Lenovo Yoga C640 review: The battery life blows us away

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General performance

With its dual-core Core i3 Comet Lake processor and integrated Intel UHD graphics, the Lenovo Yoga C640 isn’t going to be a screamer in terms of CPU-intensive tasks or graphical performance. As you’ll see, however, the Yoga C640 acquits itself quite nicely when it comes to everyday computing chores (which is what most of us spend 99 percent of our time doing anyway), and as for battery life, well ... you’ll see.

PCMark 8 Work 2.0 Conventional

Our first benchmark simulates such everyday computing tasks as web browsing, spreadsheet tinkering, online shopping, and video chat. A PCMark 8 score of 2,000 or better typically means you’ll see buttery-smooth Office performance from a given laptop. It’s also worth noting that the types of daily PC activities simulated by PCMark 8 are single-core tasks, which means that laptops with quad-core or better CPUs won’t necessarily enjoy an advantage over a dual-core laptop like the Yoga C640.

lenovo yoga c640 13iml pcmark 8 Ben Patterson/IDG

The Lenovo Yoga C640's PCMark 8 score may not be a chart-topper, but it still bodes well for smooth Office performance.

Looking at our performance chart, the Yoga C640 finishes in second-to-last place, just ahead of another dual-core laptop, the Core-i3-8145U-powered Acer Aspire 5. But check out the Yoga C640’s PCMark 8 score, which is well north of 3,000. In fact, all the laptops in our comparison nabbed a 3,000+ score. Once you hit that mark, you’re not going to notice much difference in terms of performance. In other words, every laptop in our chart should do a great job of handling everyday computing chores, the Yoga C640 included. My real-life testing of the Yoga C640 confirms its impressive PCMark 8 showing.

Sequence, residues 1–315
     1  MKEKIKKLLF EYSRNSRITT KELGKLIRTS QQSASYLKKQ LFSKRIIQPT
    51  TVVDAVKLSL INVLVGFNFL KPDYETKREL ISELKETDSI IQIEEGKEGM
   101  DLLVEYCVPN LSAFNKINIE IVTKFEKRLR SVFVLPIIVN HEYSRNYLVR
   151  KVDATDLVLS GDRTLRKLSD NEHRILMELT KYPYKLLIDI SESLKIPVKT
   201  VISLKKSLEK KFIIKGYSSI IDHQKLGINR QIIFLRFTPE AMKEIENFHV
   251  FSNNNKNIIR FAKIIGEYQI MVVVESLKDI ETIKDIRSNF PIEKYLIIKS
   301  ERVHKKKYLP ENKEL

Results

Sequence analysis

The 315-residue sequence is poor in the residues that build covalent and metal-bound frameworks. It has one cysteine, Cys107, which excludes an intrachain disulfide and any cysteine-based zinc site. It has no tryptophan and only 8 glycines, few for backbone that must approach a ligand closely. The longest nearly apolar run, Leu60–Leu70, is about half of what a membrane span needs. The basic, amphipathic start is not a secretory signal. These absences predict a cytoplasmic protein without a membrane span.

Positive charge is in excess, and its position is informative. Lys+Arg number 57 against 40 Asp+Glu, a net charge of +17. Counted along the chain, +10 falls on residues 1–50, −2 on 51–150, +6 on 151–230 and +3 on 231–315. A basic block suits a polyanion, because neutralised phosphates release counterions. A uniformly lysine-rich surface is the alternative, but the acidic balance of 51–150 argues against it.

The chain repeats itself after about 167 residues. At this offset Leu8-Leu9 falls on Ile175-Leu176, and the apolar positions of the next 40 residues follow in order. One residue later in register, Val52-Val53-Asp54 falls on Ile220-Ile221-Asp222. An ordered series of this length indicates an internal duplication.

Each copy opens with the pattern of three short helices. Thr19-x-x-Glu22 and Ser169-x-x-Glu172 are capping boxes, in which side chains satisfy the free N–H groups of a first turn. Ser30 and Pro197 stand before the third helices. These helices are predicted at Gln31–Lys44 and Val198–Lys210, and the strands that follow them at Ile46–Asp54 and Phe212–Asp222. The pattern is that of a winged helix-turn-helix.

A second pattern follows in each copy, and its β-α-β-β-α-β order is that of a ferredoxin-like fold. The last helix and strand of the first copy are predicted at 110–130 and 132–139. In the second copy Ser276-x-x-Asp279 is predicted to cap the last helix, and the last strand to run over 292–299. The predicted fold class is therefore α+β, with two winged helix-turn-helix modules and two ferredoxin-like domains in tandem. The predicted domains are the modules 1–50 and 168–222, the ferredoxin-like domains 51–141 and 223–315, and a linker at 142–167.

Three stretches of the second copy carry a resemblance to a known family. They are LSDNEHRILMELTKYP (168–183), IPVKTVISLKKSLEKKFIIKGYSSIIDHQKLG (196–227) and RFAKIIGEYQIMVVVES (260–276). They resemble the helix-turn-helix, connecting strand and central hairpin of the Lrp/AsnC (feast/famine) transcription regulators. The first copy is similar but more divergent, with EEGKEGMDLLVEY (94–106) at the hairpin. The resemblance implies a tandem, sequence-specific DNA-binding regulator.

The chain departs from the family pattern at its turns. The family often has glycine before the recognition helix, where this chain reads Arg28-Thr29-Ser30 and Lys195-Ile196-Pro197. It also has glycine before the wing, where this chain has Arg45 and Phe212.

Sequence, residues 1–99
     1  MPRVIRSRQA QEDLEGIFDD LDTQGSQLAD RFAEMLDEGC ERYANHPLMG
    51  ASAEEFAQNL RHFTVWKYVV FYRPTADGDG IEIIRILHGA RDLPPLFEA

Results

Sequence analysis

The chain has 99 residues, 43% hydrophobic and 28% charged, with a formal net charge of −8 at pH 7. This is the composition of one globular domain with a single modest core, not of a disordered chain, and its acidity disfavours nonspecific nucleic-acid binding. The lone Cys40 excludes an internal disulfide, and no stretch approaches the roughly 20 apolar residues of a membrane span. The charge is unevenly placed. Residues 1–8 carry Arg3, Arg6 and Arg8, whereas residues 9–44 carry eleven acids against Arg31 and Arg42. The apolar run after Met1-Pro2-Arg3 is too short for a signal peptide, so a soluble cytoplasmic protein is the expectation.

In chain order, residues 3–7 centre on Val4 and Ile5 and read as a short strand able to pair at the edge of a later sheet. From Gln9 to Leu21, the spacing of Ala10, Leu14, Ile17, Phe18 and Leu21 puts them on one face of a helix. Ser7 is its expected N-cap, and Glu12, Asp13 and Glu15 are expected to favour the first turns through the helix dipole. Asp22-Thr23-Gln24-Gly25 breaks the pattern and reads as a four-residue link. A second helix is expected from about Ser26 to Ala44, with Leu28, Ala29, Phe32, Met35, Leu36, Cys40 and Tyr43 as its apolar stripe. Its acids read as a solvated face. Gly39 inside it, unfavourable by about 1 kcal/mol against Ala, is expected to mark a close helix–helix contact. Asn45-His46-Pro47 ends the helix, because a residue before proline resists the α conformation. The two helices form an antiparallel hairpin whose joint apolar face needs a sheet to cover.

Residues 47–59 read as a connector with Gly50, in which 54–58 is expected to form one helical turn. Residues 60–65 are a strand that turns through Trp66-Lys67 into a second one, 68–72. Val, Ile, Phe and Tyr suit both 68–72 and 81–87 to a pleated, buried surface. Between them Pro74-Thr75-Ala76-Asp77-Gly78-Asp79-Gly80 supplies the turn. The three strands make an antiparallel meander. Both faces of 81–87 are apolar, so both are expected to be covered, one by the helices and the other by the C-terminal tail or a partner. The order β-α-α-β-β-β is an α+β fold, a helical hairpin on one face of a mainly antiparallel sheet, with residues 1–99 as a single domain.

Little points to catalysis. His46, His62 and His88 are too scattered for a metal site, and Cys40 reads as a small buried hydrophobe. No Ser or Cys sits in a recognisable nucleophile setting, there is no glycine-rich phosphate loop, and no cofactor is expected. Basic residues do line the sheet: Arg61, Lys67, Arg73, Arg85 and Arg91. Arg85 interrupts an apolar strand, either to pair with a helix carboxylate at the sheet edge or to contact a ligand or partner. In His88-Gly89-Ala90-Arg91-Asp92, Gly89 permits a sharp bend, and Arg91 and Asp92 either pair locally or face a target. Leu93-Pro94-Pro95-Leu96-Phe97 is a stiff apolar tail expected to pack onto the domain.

HandBrake

Our next benchmark measures the performance of a laptop as it encodes a 30GB MKV video file using the free HandBrake utility. This is a lengthy and processor-intensive task that reliably spins up the fans as CPU temperatures begin to soar. Generally speaking, laptops with the most processor cores will rise to the top of the chart.

lenovo yoga c640 13iml handbrake Ben Patterson/IDG

Laptops with dual-core CPUs generall get lower scores during our HandBrake benchmark, and the Yoga C640 is no exception.

Unsurprisingly, the Lenovo Yoga C640 sits second-to-last. All the laptops that snagged a better HandBrake score (remember, lower numbers are better in this particular test) have quad-core processors.

Now, we should note that the Yoga C640’s HandBrake showing isn’t bad for a dual-core laptop (we’ve seen scores above 8,000 for other dual-core systems). Keep in mind that when it comes to web browsing, Office work, and most other day-to-day computing tasks, multi-core performance just doesn’t matter that much. That said, if you are planning on encoding videos or crunching large databases on the C640, you’ll have to be patient.

Cinebench

While our HandBrake benchmark generally takes more than an hour to perform, our Cinebench test (which involves rendering a 3D image in real time) is often over in a matter of minutes. That makes Cinebench handy for measuring how a laptop deals with short bursts of intense activity, both in single-core and multi-core scenarios.

lenovo yoga c640 13iml cinebench Ben Patterson/IDG

As with HandBrake, our CineBench test reveals the limitations of dual-core laptops like the C640 when it comes to multi-threaded performance.

Again, the dual-core Lenovo Yoga C640 winds up near the bottom of our chart, slightly ahead of the dual-core Acer Aspire 5. While we’re not surprised by the Yoga C640’s “all-threads” Cinebench score, we are a little concerned with its single-thread result, which is a hair below that of the Acer’s. The single-thread Cinebench mode measures the efficiency of a single CPU core, and it’s odd that the Aspire 5, a laptop with an older Core i3 chip that has a slightly slower boost clock, would beat out (just barely) the Yoga C640’s Comet Lake i3 CPU.